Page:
STEINHOFF: So you went through a lot of them. You never got to Vietnam, I guess.

JONES: No, no. The reason I didn't get any further along in the business--they decided that it wouldn't--I had over thirty years' service and was fifty-some years old, or older, fifty-eight years old, and that I should get the hell out. So I put in for retirement, and when I put in for retirement they sent my retirement orders back from Washington and said, "This guy can't retire because 35:00he only has fourteen, sixteen, or seventeen years service." And I said to myself, "Well, that's pretty good. I won't say nothing about it." But in the meantime, they discovered that I had twenty-four years enlisted service, which was over the period of years, and so I had to get out on June 30, 1954, after thirty-seven years and two months trained service. Only in jail a couple of times. I got in the finest jail in France in World War I, Hard-Boiled Smith's Prison, for being absent without leave from the officer candidate school. That's it.

STEINHOFF: So Duke, you've had quite a life, and I'm sure that the troops, sometime in the future, if we can can this thing and maybe pull it up a hundred 36:00years from now, and--

JONES: Be something to talk about. And I'm proud of it, and I know so many people that I've met in the Service that I'm so damn proud that I know them, that what they did for the country, what they put up with for the country. And they're not griping and moaning about it. They take it for granted. It seemed like the biggest gripers are the guys that did the [inaudible].

STEINHOFF: Well Duke, I know that I appreciate this, and I know also that, had I not been a member of the ROA for about thirty years, that I never would've known you, Duke. And it's been an honor, and it's something that I'll cherish for the rest of my life, to know a person like you as well as some of these old-timers that you've mentioned, and the National Staff that's here at this conference. 37:00And we had a meeting this morning at ten o'clock, and they're all great people. No two ways about it.

JONES: Yeah, I agree.

[End of Interview]

0:00 - Introduction

Play segmentSegment link

Partial Transcript: Interviewer: This is Captain G. Lester Steinhoff

Segment Synopsis:


Subjects: In this segment the interviewer, Steinhoff, introduces Duke E. Jones, who served in the Army for over 37 years.. Duke briefly summarizes his enlistment and how he got to St. Nazaire, France.

2:44 - First impressions

Play segmentSegment link

Partial Transcript: Jones: Now, to give you an idea of some of the things that a recruit becomes involved in.

Segment Synopsis: Jones talks about some of his first experiences with sea sickness and commanding officers on the Saratoga.



4:48 - Field movements in France

Play segmentSegment link

Partial Transcript: Jones: We were in St. Nazaire a short period of time, and then we left the area--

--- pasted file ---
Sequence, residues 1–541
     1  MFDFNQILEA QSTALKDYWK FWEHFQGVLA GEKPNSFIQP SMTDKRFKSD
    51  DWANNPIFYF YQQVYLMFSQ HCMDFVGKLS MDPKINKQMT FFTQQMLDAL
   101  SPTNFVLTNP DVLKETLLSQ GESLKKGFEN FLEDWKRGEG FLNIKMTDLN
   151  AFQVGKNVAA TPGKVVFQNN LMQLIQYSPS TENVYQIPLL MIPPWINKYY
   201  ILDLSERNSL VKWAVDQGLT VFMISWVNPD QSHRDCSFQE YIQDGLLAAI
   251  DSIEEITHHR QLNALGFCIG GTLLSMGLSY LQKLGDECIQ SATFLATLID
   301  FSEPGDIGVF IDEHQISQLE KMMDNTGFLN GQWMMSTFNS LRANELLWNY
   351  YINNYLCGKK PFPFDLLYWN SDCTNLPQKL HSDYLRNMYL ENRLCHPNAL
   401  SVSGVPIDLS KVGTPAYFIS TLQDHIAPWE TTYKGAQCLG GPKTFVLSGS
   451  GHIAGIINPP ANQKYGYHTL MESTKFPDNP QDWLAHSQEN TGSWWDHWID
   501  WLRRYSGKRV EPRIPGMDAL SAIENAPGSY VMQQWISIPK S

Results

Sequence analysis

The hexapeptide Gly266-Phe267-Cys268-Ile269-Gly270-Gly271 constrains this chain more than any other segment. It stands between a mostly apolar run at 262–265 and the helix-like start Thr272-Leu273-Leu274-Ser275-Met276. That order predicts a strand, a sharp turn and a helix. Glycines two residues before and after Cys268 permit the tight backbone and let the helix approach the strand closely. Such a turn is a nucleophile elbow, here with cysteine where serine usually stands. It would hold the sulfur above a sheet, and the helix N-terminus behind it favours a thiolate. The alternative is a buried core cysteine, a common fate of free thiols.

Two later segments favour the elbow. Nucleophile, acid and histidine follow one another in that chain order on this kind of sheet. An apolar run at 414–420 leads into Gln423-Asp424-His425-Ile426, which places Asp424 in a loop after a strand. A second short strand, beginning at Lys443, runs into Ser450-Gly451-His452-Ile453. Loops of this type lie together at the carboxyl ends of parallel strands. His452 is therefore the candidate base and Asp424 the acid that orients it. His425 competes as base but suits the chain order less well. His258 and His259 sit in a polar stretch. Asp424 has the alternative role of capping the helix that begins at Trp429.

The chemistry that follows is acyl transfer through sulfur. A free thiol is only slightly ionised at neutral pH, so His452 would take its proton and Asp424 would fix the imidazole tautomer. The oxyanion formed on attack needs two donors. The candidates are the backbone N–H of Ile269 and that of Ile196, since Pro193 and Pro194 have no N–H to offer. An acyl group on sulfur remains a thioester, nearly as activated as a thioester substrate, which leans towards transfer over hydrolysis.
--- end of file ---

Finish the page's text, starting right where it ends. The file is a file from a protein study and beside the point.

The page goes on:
Segment Synopsis: Jones discusses his initial time in trench warfare while in France. He expands on the general troop field movements from St. Nazaire, France to Ansauville, France.



GPS: St. Nazaire, France
Map Coordinates: 47.2735, -2.2138

8:54 - Field movements in France II

Play segmentSegment link

Partial Transcript: Jones: I said we were relieved by the Yankee Division, the 26th from Massachusetts.

Segment Synopsis: Jones continues his discussion of trench warfare in France. In this segment, he describes the forward push into the Guiseniers area, through Cantigny, and into the Soissons region. Jones is describing his involvement in the initial period of the Battle of Catigny.



GPS: Battle of Cantigny, France 27–31 May 1918
Map Coordinates: 49.664, 2.491

13:39 - Field movements in France III

Play segmentSegment link

Partial Transcript: Jones: After the Soissons action, we went to Saint-Mihiel area, and was involved there September the twelfth, for four days, which was for us a very light action.

Segment Synopsis: Jones describes his final involvement in the war in the Saint-Mihiel sector and the Argonne Forest. After his time in the field, Jones left for officer candidate school.



GPS: Battle of Saint-Mihiel
Map Coordinates: 48.8885, 5.5417

16:55 - Veteran's organizations work

Play segmentSegment link

Partial Transcript: Interviewer: Say, that's quite interesting, Duke.

Segment Synopsis: Jones recounts the Veteran's organizations that he belongs to, and has worked on behalf of.



19:31 - Reflections on life in the United States after WWI

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Partial Transcript: Interviewer: Guys, I lost track of the count there, but that's a lot of organizations you belong to, Duke.

Segment Synopsis: Jones explains how he thinks the quality of life has improved after World War I. He also elaborates on his work with the magazine, the Wisconsin Reservist.



22:44 - Other members of the Wisconsin Reserve Officers Association

Play segmentSegment link

Partial Transcript: Interviewer: Well, that's quite interesting.

Segment Synopsis: In this segment, Jones speaks about some of the other long-time members of the Wisconsin ROA.



28:09 - Education

Play segmentSegment link

Partial Transcript: Interviewer: Okay, Duke. Now, you retired as a bird colonel, a full colonel.

Segment Synopsis: In this segment, Jones talks about the education he received during his military service.



30:02 - Decoration / Concluding remarks

Play segmentSegment link

Partial Transcript: Interviewer: Okay now, Duke. We don't want to prolong this too long.

Segment Synopsis: Jones lists the awards he received for his military service. He recounts his retirement for the service. The interview concludes.